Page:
Right, Do You Expect…
Michael Jordan to extend his ‘Airtime’-
On Fish & Chips?
An Aston Martin One-77
To run on diesel?
Or, Usain Bolt-
On Egg, Sausage, Chips and Beans?
Then, how do you expect a state-of-the-art system-
To run on this?
ICX4… Keepin’ It Real
Given time, most people are prepared to admit, to presenting the world with the most situationally appropriate version of themselves, they’re able to muster. If true, even the most steadfast amongst us harbours more than a singular version of her/himself. For some, the variations are stark. Others, less so but either way, discrepancys exist.
While our work and sporty incarnations might be similar – you know, all competitive and whanot. It is hoped that the representive being introduced to prospective in-laws or employers, bears no resemblence to the version ranting and raving on the platform, after another cancellation. These aspects of ourselves are represented online and like our ‘rea life’ selves are not entirely, without deviation.
Our home-self appears on the Electoral Roll as: MS J M Cardew.
Work-self, according to our Pay Slip, Jasmin Cardew.
Gym-self, according to our gym membership and, in accordance with our gym persona: Jaz Cardew
Commuter-self and the name on railcard – Jazmin Maria Cardew.
Entity Resolution pulls all these disparate strands together to create a singular and comprehensive online entity. From a personal perspective, were such efficient and painless ‘Off-line’ alignment presented, I’d be highly delighted as the alternative, one suspects, entails a great deal of time, money and, rather intensive, therapy.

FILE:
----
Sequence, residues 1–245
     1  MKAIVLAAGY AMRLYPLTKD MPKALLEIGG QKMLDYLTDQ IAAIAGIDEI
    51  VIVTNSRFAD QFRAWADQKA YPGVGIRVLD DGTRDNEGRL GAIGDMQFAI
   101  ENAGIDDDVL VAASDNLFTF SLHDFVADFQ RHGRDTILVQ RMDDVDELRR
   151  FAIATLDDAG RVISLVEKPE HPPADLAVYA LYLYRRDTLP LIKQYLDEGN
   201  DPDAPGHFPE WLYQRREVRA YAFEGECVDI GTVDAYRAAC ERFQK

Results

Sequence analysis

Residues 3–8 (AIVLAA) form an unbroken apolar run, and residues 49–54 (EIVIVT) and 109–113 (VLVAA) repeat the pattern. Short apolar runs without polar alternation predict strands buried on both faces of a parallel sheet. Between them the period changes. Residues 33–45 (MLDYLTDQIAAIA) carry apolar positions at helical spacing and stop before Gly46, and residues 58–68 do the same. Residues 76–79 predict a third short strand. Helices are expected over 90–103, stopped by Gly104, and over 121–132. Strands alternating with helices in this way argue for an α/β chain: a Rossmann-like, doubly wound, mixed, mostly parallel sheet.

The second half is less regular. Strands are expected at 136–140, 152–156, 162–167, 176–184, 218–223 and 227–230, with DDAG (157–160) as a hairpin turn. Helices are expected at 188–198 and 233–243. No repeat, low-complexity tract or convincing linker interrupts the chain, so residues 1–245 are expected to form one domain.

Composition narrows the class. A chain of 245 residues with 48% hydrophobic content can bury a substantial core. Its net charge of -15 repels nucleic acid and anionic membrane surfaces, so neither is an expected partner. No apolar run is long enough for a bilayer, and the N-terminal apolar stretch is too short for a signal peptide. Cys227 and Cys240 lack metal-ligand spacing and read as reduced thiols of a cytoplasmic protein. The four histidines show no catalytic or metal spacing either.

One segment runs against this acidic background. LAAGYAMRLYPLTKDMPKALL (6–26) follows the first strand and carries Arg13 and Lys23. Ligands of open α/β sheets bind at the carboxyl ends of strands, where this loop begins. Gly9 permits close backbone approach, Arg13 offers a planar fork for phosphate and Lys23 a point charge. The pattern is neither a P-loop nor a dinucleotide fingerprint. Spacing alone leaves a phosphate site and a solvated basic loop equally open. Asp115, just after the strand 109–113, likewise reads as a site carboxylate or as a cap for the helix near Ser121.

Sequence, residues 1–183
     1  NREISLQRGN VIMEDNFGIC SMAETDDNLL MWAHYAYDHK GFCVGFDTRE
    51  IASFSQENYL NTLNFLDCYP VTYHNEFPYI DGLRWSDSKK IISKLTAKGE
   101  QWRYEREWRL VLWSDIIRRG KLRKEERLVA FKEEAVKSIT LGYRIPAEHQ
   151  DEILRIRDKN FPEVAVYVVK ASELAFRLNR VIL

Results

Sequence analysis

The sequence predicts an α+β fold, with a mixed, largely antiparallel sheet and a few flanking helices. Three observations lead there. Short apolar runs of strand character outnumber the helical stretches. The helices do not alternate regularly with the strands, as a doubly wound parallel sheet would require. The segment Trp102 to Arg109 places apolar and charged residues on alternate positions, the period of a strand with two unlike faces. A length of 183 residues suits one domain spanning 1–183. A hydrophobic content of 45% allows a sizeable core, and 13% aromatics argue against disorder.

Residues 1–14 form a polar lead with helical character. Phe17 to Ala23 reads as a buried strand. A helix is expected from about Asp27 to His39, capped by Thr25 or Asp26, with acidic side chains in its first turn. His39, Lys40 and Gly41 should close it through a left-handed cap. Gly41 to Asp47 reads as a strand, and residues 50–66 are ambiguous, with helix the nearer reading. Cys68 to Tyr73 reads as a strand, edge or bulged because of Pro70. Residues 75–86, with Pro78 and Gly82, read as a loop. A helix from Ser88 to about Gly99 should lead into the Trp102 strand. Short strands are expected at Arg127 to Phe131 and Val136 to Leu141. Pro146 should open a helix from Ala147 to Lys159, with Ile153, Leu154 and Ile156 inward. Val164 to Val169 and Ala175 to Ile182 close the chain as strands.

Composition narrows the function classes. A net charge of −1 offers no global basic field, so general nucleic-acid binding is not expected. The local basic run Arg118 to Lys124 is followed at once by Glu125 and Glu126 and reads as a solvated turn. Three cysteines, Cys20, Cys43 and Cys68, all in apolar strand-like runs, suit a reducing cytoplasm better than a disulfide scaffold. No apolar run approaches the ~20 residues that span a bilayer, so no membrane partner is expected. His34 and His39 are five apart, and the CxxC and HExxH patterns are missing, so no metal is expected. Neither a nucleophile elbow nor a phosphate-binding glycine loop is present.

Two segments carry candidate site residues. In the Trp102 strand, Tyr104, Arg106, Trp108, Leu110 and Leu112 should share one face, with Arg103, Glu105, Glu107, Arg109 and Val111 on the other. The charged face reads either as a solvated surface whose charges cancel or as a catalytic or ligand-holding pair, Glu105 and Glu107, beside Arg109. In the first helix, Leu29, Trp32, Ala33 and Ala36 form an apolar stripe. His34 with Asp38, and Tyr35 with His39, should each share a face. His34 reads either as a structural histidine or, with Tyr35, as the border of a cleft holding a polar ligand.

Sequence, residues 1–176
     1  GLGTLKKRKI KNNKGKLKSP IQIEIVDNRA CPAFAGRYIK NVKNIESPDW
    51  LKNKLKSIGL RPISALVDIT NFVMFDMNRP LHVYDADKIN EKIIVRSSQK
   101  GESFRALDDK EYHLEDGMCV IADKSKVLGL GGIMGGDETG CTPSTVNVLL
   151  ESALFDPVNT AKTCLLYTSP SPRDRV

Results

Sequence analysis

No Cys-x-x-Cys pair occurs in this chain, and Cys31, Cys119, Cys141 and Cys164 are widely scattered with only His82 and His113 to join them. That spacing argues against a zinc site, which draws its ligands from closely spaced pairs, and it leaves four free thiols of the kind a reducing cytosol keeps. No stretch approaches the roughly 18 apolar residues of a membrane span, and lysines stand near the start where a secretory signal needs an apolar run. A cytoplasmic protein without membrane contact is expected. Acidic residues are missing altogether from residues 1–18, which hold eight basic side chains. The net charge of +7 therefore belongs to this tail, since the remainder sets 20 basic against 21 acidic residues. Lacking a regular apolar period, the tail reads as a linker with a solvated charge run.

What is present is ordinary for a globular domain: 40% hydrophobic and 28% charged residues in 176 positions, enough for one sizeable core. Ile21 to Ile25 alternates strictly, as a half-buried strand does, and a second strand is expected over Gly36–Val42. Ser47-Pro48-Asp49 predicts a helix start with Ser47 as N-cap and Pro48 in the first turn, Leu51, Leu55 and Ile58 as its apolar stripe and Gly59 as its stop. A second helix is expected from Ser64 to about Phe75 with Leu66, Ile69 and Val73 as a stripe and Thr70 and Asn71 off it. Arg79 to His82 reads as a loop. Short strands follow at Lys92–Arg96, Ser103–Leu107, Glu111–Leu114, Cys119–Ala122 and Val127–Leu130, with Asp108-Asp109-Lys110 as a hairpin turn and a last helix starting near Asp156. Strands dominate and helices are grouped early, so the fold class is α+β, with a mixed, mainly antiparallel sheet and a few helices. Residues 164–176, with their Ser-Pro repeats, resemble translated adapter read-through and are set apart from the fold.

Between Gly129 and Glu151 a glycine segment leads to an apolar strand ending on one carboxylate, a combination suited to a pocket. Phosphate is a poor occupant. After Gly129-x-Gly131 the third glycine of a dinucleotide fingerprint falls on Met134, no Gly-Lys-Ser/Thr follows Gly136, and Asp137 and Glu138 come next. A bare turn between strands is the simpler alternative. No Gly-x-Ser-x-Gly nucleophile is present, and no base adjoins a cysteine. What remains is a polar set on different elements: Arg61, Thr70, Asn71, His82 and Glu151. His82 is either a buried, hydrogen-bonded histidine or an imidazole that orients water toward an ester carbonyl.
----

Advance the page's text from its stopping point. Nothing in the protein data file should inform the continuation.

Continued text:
The link below is to an interesting development in Ent Res-
A Punter’s Perspective to
General Data Protection Regulation
As a Sky subscriber, I really resent having to key-in a four-digit pin-code, to view a boxset I have already paid for. It’s my account, my telly and, my money. Why should I have to keep keying in numbers? My compliance is accompanied by a bitter thirty second rant against the Nannie State. This is prior to seque-waying into a diatribe over how much I’m paying each month. This takes up another half minute….
The two seconds it takes to click the remote four times, tends to expose my tantrum for the pointless, time-consuming indulgence it is. Making matters worse, not only am I aware of the code’s raison d’etre but approve of it. The pass-code ensures that no subscriber’s off-spring will be opting for Game of Thrones, Boardwalk Empire, or Breaking Bad. Over Dinosaur Train, Gravity Falls or Super Why!
GDPR is being depicted as a monstrous liberty inflicted on world commerce by those know-nothing bureaucrats, at the EU. I’m not buying it as any organisation in full compliance with the DPA (in Europe DPD) is unlikely to find the transition to GDPR traumatic. Nor, will those making a genuine to comply. Organisations who have ignored the march of time by continuing to run fast and loose with Personal Data however, may wish to buckle up and hold on tight, because General Data Protection Regulation is going to a bumpy ride.
For companies viewing GDPR as a nightmare, the only thing matching the complexity of its rules, is the draconian nature of its fines. It is precisely this type of organisation that has necessitated the evolvement of statutory requirements from what exists, into GDPR. The Data industry has seen an exponential growth over the last twenty years and the value of personal data has grown accordingly.